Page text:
September 18-24, 2002

Paroma Basu

Giving AIDS the red light

The Sonagachi AIDS Project in Kolkata, India, has gone from being a quasi-governmental program to one of the largest community-run intervention projects in the world. Sex workers now run the show, and in Sonagachi (meaning "golden tree"), famous as the oldest, largest, and most storied red-light district in the city, only 9 percent of about 6,000 sex workers are HIV-positive. In comparison, as many as 70 percent of prostitutes in Mumbai (formerly Bombay) were HIV-positive in 1997.

The women organized the Durbar Mahila Samawaya Committee — Asia's first union of sex workers — in 1997 and took control of the local government AIDS project. With 60,000 male and female members in West Bengal, the union worked for the decriminalization of prostitution, for equal worker's rights, and entitlement to negotiate working conditions.

Dr. Smaraajit Jana, a government epidemiologist who spearheaded the Sonagachi project, explored enhancing self-esteem as part of changing deeply entrenched sexual practices by the sex workers. He trained 12 sex workers to come forward as "peer educators." These educators informed about STDs and urged the workers to get clinic-approved blood tests. Soon hundreds of women were refusing unprotected sex, even if their clients offered to pay more. "When a customer comes, I take the money first and then let him in my room," said Priya Begum, 23, a Sonagachi sex worker. "Then I ask whether he'll use a condom. If he says no, I keep the money and show him out," she said.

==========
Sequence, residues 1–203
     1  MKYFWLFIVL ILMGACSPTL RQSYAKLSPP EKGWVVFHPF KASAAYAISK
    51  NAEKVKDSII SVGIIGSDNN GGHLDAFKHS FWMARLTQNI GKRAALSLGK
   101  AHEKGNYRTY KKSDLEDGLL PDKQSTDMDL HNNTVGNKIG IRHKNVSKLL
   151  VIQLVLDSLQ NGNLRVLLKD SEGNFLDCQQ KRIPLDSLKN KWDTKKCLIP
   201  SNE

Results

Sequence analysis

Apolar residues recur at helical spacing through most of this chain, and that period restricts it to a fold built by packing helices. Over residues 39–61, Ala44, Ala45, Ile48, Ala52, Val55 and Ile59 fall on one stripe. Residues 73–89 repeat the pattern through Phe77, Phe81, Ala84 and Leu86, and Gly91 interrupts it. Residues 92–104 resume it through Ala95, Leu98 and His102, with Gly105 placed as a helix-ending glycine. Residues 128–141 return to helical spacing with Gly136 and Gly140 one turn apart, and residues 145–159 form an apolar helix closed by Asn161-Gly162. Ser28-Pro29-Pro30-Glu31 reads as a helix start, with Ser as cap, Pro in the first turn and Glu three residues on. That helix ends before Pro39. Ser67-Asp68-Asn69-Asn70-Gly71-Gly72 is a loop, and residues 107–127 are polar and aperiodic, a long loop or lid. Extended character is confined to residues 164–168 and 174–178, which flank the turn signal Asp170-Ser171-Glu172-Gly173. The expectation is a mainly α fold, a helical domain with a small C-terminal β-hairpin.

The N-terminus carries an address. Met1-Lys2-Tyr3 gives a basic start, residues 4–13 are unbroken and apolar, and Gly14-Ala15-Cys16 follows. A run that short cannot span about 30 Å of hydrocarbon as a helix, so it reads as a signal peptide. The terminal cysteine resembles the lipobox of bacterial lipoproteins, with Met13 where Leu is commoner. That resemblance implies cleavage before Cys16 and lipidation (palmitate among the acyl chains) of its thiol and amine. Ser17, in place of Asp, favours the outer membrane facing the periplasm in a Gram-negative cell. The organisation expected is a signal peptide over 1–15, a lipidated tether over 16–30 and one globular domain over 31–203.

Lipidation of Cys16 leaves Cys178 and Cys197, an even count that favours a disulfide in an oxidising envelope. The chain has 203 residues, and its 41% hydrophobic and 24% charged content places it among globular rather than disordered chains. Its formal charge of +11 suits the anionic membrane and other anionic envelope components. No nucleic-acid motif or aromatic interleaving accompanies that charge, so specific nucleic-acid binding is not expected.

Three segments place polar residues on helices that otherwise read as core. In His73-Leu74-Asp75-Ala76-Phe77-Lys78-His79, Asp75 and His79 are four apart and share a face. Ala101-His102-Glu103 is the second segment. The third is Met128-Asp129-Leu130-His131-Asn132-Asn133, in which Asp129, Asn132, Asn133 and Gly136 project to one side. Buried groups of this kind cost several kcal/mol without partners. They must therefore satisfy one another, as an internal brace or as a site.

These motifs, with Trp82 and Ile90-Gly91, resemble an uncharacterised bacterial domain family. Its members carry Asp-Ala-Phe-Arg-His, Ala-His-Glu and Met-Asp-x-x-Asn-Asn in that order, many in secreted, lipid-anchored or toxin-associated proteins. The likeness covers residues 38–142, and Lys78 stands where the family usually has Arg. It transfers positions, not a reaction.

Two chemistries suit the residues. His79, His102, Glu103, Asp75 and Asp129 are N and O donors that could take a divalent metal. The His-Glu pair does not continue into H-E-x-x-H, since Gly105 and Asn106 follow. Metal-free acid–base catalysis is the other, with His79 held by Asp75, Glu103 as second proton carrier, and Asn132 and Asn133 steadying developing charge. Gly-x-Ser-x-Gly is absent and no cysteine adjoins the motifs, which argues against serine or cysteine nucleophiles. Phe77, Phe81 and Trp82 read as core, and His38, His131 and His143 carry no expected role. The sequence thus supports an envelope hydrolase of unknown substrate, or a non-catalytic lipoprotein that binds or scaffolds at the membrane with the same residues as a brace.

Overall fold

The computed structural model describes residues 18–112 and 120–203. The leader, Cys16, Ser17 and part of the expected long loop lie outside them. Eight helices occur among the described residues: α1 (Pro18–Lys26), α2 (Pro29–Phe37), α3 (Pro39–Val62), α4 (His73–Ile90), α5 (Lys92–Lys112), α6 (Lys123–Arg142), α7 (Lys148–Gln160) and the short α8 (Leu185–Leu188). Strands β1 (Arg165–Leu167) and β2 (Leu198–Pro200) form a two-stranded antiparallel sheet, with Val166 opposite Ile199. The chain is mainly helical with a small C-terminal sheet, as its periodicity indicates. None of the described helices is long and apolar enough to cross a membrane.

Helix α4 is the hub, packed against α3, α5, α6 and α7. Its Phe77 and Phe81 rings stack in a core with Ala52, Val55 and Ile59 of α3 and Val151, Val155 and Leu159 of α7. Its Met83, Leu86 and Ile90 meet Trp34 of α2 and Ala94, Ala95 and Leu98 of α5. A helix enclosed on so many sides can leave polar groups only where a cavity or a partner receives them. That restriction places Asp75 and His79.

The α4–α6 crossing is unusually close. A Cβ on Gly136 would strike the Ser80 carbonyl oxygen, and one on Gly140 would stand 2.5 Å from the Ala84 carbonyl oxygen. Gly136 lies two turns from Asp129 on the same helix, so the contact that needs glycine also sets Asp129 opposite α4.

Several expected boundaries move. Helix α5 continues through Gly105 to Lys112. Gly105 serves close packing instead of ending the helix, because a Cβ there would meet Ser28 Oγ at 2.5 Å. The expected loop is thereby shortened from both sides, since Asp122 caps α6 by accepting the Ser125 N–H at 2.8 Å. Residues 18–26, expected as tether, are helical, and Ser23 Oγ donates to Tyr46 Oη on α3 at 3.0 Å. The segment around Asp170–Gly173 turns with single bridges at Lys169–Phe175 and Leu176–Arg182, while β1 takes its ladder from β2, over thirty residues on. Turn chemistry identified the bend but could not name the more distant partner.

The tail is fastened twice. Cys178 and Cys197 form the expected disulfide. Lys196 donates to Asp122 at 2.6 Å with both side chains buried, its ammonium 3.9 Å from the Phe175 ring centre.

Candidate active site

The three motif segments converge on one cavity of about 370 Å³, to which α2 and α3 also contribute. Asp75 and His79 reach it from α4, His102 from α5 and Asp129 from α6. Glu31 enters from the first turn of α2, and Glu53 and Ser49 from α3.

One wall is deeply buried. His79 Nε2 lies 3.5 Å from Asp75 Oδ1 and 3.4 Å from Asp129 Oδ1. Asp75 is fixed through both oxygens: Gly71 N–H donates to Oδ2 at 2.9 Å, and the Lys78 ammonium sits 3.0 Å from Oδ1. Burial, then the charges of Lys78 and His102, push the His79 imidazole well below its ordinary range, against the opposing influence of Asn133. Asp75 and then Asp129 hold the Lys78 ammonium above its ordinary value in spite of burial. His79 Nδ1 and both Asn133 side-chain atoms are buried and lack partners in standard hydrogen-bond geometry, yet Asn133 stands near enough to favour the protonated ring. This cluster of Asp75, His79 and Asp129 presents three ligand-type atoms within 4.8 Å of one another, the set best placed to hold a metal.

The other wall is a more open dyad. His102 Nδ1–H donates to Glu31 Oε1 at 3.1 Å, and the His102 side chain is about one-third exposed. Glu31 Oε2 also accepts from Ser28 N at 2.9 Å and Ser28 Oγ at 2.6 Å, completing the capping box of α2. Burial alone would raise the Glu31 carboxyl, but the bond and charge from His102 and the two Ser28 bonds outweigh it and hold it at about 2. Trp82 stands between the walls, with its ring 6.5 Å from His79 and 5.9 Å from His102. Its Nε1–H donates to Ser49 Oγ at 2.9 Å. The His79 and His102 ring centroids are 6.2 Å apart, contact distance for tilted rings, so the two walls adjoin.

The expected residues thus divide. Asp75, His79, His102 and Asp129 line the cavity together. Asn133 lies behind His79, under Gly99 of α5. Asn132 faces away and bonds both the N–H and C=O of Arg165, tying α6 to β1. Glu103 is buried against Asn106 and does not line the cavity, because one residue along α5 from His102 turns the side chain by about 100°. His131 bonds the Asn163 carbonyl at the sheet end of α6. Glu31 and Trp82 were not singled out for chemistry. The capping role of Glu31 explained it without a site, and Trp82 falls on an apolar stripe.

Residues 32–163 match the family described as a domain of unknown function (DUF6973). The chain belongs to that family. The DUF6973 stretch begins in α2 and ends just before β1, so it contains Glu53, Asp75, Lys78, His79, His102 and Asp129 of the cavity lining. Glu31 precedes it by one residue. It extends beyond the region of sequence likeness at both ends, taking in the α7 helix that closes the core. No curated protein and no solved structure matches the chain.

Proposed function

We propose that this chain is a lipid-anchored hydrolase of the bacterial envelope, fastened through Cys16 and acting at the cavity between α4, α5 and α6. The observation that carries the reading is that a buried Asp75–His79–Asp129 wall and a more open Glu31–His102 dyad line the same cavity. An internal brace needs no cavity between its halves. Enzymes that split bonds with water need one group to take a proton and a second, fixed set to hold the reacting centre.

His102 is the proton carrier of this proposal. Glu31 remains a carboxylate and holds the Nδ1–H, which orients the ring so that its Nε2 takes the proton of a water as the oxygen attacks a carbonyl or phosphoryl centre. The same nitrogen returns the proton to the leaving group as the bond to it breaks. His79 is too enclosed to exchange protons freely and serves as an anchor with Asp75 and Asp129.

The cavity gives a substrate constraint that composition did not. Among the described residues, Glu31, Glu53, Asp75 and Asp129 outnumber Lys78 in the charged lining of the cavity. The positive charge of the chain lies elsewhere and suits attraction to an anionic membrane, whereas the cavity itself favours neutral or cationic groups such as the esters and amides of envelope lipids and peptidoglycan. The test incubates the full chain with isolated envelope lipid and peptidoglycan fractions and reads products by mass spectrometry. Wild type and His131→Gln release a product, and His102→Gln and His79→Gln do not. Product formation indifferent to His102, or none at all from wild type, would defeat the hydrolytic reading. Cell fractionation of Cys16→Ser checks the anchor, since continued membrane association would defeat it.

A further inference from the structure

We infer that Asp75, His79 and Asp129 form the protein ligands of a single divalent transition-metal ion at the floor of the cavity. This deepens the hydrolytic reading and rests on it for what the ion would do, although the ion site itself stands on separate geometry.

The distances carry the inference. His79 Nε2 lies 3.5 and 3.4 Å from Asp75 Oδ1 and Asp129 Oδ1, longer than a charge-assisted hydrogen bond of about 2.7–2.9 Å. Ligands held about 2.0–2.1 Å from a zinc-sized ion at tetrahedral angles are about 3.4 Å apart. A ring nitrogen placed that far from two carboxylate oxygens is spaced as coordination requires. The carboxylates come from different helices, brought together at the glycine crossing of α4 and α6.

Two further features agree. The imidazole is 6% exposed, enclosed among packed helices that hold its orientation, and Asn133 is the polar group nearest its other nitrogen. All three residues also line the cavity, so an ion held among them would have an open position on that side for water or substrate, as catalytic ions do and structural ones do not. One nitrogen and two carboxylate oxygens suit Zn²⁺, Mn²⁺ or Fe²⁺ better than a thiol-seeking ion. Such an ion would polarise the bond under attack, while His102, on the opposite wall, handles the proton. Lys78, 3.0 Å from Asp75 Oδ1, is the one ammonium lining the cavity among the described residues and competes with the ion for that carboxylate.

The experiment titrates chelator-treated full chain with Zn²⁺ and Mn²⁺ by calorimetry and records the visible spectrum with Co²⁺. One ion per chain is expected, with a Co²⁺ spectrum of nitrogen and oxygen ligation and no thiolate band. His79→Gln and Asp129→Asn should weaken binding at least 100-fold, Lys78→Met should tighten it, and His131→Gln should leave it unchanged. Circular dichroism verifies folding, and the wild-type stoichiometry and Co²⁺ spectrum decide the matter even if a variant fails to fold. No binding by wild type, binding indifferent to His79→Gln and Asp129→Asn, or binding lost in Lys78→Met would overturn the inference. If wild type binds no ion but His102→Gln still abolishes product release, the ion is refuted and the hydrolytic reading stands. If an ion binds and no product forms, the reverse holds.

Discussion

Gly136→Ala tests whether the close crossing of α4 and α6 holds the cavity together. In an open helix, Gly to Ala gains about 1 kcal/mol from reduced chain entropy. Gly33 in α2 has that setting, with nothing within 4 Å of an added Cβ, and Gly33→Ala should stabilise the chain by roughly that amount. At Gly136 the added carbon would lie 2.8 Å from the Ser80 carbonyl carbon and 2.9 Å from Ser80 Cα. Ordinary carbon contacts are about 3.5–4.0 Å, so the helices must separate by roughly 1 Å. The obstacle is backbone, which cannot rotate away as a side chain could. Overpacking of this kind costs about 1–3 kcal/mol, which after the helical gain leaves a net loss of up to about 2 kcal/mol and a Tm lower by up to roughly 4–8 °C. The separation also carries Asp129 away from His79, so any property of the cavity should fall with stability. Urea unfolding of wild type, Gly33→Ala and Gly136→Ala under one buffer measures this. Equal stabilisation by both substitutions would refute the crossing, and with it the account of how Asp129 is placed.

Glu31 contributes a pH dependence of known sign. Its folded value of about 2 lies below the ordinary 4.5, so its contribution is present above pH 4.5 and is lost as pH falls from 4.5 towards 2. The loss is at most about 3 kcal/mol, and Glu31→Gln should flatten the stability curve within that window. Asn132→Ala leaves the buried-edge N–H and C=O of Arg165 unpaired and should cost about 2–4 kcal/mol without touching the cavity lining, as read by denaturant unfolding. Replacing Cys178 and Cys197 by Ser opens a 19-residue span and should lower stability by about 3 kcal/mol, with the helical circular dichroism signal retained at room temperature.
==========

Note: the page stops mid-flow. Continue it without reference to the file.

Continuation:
Today, 430 peer educators spread awareness throughout Bengal, and 36 brothel-based medical clinics regularly test sex workers. DMSC has also established a school for sex workers' children, a loan co-op, and a cultural group that spreads AIDS awareness through music, dance and street theater.

Recently, Sonagachi AIDS Project has inspired broader projects. Responding to the increasing epidemic in India — the total number of people living with AIDS in India in 2001 was 3.97 million, according to UNAIDS — a group of professionals and citizens opened the City Counseling Center in downtown Kolkata, and with it an affiliate support network — the Kolkata Network of HIV Positive People. "Intervention programs running in high-risk areas are only the tip of the iceberg. Awareness has to spread to the rest of society," said Dr. Debjani Banerjee, one of CCC's coordinators.

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Created: September 21, 2002
Last modified: September 21, 2002
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